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Sinners in the Hands of an Angry God

by Jonathan Edwards

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What does the biblical allusion at the end of Jonathan Edwards's sermon "Sinners in the Hands of an Angry God" mean?

At the end of his sermon "Sinners in the Hands of an Angry God," Edwards alludes to the warning given to Lot before the destruction of Sodom in Genesis 19:17. This reference emphasizes the wickedness of his hearers, the justice of God's wrath, and the urgency of the situation. However, the flight of Edwards's congregation is to be metaphorical, since they are to escape the wrath of God by accepting Christ.

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In Genesis 19:17, the angels give Lot the following advice:

Escape for thy life; look not behind thee, neither stay thou in all the plain; escape to the mountain, lest thou be consumed.

It is to this passage that Jonathan Edwards alludes at the end of his sermon "Sinners in the Hands of an Angry God" when he tells his congregation,

Escape for your lives, Look not behind you, escape to the mountain, lest you be consumed.

The allusion to Sodom is appropriate, since Edwards has been telling his congregation for the entire length of the sermon how wicked they are and how thoroughly justified is the wrath of God which might strike them at any moment. The allusion reinforces not only the justice of God's anger—and the vileness of the people's sins—but also the sense of urgency in the sermon, since physical destruction came quickly upon Sodom, and Lot had to flee for his life.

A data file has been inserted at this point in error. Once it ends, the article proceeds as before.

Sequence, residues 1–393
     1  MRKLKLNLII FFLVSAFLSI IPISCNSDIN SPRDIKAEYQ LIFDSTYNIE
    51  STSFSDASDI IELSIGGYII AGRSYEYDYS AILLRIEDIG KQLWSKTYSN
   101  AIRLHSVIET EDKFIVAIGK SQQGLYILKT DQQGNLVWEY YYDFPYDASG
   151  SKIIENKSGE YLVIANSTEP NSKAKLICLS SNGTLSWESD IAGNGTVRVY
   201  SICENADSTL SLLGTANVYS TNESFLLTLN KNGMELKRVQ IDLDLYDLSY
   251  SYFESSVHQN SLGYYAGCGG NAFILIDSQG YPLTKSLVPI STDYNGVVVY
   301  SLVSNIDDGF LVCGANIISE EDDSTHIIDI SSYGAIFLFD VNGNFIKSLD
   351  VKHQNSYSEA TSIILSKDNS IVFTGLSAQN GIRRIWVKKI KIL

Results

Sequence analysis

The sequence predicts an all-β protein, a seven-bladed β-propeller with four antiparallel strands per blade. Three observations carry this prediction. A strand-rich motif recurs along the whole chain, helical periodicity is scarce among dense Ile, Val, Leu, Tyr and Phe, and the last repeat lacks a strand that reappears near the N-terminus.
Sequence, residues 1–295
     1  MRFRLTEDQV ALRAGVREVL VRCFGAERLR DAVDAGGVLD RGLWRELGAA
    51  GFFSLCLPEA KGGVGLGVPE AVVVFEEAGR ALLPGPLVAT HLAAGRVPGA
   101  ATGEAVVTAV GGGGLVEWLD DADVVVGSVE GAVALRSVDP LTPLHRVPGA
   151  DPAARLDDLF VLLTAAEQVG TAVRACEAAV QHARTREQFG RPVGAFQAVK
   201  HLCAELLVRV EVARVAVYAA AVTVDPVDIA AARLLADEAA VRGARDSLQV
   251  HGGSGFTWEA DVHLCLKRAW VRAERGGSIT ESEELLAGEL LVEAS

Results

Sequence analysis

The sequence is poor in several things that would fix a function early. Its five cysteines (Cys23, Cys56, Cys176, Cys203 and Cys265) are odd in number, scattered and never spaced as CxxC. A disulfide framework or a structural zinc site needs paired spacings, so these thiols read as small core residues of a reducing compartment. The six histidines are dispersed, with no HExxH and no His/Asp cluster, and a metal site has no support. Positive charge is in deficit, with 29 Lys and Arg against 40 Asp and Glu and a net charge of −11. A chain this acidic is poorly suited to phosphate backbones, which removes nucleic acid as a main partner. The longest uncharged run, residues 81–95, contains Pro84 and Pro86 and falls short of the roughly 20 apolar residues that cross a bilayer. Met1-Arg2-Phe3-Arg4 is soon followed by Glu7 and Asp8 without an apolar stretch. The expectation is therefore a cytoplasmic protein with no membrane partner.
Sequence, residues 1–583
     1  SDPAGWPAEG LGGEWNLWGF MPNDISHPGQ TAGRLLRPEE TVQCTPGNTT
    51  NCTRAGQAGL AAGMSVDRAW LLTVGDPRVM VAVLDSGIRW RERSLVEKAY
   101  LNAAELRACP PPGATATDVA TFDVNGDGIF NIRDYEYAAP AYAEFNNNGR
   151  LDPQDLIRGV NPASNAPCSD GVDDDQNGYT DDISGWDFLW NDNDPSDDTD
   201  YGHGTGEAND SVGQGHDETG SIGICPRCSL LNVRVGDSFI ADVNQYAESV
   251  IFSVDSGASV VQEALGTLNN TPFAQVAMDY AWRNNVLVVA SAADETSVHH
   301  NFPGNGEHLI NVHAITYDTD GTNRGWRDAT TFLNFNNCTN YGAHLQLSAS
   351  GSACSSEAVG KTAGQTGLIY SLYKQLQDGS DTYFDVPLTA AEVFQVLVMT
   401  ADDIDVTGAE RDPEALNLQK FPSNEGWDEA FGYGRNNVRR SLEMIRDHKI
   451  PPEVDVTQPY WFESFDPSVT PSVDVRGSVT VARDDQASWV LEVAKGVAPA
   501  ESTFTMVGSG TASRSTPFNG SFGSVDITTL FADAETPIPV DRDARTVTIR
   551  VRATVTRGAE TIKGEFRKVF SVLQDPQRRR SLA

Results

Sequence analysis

However, as Edwards has just been telling them, the congregation has a marvelous opportunity, which was not open to Lot. He literally had to flee and find refuge in the mountains. They can achieve an even better result by repenting of their sins and immediately accepting Christ as their savior. After a sermon full of fire and brimstone, Edwards has turned at the end to the subject of what his hearers can actually do to be saved. His final image, however, returns to the Old Testament, to remind them that they had better act quickly, for the alternative is truly terrifying.

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Jonathan Edwards includes a Biblical allusion at the end of his sermon "Sinners in the Hands of an Angry God" that represents God's willingness to use violence and death to teach humans about His law. Edwards uses God's own words from the Old Testament by incorporating this allusion into his sermon, and he simultaneously emphasizes his own role as a Christian leader and an instrument of God by doing so.

The Biblical allusion refers to the passage in Genesis in which Sodom and Gomorrah are destroyed; in this famous Bible passage, Lot's wife is turned into a pillar of salt when she defies the angels' command to "not look back" at her burning village. This shocking image is only one of many images used by Edwards in this sermon to warn his listeners of the consequences of not following God's law; some of the most powerful passages in the sermon employ terrifying imagery, and so this selection from the Bible is a predictable choice for Edwards.